Ferric reducing antioxidant power assay

Iron-reducing antioxidant strength was determined according to the method described by Calvindi et al.[18] (2020). FRAP reagent consisting of an acetate buffer solution pH 3.6, TPTZ (2,4,6-tri-pyridyl-s-triazine) (10 mM in 40 mmol HCl), and 20 mmol FeCl3 was combined at a ratio of 10:1:1 (v/v/v). In a 96-well microplate (BIOLOGIX), 10 μL of sample extract and 300 μL of FRAP reagent were added. This was incubated for 30 min in the dark at 37°C. The absorbance was measured at a wavelength of 593 nm using a microplate reader (BMG Labtech, Germany). The standard curve was adjusted to Trolox, and the activity was expressed as micromoles of Trolox equivalent per gram dry weight (μmol TE/g DW).

Statistical analysis

Data analysis was performed using the Design Expert 13.0 program (Stat-Ease Inc, Minneapolis, USA). The selection of optimal condition results was selected based on the highest desirability value closest to 1.00.[19]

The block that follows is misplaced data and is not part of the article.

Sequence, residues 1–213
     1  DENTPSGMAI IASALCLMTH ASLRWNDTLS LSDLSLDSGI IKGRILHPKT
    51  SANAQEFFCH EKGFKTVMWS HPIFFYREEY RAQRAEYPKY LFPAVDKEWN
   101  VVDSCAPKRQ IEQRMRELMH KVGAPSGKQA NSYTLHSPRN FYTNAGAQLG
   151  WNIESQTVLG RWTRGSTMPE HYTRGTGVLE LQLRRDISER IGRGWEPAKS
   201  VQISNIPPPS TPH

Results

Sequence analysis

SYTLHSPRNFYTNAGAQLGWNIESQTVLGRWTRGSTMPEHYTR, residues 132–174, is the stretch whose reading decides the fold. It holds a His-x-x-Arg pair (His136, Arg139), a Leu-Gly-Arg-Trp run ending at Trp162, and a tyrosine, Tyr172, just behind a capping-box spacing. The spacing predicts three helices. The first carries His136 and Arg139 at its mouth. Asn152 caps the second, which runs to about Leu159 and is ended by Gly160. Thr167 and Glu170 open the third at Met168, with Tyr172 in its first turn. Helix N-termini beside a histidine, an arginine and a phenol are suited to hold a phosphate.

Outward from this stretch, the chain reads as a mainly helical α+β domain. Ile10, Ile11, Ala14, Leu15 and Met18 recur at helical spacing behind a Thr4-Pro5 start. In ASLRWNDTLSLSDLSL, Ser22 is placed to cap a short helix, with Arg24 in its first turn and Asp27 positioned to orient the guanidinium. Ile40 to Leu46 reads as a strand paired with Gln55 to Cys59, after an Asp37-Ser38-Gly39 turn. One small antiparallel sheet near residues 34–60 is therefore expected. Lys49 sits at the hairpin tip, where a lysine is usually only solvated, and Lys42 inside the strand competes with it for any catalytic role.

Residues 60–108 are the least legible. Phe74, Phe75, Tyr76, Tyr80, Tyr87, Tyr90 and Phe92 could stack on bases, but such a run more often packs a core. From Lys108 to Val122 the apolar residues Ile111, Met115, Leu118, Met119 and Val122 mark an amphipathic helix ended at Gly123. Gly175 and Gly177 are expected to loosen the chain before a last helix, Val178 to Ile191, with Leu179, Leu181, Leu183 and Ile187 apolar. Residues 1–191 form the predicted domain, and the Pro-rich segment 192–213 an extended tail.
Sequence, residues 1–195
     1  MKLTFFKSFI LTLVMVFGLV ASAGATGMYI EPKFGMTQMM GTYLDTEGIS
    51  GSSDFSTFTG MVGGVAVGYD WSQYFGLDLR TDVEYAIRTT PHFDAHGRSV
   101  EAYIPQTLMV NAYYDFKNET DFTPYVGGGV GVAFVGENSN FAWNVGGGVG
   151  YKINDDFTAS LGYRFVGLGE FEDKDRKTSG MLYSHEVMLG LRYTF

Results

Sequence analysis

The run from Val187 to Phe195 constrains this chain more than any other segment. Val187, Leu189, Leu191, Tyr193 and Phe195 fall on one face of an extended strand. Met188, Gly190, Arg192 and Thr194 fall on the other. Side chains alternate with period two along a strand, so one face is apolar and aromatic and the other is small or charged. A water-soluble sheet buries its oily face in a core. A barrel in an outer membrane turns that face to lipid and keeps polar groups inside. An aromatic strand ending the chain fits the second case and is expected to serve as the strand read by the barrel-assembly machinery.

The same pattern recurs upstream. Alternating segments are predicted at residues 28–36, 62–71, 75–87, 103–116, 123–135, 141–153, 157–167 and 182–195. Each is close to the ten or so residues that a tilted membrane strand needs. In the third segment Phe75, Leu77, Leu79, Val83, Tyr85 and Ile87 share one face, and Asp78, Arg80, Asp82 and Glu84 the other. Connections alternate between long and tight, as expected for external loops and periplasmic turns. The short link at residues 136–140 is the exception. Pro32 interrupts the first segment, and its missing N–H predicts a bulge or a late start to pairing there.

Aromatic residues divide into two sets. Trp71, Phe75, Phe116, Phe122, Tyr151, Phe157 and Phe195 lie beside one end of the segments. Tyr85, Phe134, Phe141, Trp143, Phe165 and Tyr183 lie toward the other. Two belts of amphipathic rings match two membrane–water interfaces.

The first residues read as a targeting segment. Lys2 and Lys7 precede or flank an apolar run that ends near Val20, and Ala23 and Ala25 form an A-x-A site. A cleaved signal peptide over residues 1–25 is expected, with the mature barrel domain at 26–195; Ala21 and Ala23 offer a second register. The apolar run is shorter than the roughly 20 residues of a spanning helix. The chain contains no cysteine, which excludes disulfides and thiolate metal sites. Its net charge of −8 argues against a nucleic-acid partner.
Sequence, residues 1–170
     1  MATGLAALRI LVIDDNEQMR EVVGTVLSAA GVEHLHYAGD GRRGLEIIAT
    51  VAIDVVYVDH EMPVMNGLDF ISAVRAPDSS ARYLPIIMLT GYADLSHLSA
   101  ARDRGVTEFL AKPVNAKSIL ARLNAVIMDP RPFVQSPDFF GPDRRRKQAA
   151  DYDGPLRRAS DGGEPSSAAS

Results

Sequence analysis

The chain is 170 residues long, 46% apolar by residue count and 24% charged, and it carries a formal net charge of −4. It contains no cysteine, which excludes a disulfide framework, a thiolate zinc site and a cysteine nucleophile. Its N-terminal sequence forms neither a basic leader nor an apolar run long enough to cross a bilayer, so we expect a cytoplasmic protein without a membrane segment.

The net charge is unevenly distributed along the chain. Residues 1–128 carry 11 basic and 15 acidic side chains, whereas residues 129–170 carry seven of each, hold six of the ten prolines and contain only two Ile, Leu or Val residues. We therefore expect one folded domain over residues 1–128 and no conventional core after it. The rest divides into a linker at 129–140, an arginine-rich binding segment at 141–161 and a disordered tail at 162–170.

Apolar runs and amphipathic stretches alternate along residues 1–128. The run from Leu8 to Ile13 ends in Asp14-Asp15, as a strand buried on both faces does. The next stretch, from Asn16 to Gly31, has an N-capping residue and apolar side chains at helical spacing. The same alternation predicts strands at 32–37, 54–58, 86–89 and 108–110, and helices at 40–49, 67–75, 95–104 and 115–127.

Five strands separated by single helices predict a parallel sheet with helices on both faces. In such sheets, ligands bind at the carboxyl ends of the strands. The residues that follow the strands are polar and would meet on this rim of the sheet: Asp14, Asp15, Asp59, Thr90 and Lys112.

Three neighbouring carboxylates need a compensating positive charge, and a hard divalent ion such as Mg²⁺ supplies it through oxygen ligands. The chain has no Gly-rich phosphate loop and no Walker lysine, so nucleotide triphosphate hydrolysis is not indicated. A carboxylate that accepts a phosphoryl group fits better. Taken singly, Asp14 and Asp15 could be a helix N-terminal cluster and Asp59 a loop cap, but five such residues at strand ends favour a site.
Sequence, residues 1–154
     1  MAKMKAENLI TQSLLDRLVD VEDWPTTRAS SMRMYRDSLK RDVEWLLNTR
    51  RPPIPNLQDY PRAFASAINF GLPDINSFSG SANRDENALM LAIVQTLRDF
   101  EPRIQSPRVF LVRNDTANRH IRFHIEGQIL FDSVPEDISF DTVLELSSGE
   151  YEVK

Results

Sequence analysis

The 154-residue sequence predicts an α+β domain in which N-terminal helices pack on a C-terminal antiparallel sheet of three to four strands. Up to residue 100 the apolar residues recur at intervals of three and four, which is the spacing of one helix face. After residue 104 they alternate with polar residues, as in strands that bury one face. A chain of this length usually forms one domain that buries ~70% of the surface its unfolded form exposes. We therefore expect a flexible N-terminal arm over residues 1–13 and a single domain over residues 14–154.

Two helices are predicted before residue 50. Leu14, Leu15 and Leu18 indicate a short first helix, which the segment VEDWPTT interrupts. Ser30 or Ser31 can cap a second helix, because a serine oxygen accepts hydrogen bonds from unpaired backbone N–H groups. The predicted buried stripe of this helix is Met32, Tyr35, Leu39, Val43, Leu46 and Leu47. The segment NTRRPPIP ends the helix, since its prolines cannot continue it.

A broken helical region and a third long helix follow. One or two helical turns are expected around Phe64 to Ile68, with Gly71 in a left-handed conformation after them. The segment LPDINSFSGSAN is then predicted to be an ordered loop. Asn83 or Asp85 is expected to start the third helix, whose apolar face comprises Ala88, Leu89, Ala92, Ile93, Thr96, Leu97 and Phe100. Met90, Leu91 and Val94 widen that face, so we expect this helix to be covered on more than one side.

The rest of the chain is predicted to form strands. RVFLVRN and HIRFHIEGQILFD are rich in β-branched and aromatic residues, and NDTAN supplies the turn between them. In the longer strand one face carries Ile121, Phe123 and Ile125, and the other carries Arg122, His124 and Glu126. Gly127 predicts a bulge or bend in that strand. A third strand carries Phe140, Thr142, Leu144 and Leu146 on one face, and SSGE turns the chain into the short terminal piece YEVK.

Sample extraction optimization

SCD is part of the mixture design which is a method to optimize solvent systems and has the advantage of not requiring a large amount of solvent, requiring a short time period, and having a high success rate by looking at the desirability value. C. xanthorrhiza was extracted using four pure solvents (water, acetone, methanol, and ethanol) as well as a mixture of solvents whose proportions were designed based on the SCD. Table 1 shows the effect of the different solvents on each response variable for TPC, and antioxidant activity as measured by the DPPH and FRAP methods. From the data, we can deduce that the TPC content varied from 10.332 to 36.293 mg GAE/g DW, the DPPH antioxidant activity varied from 4.004 to 28.949 μmol TE/g DW, and the FRAP antioxidant values varied from 7.867 to 192.576 μmol TE/g DW.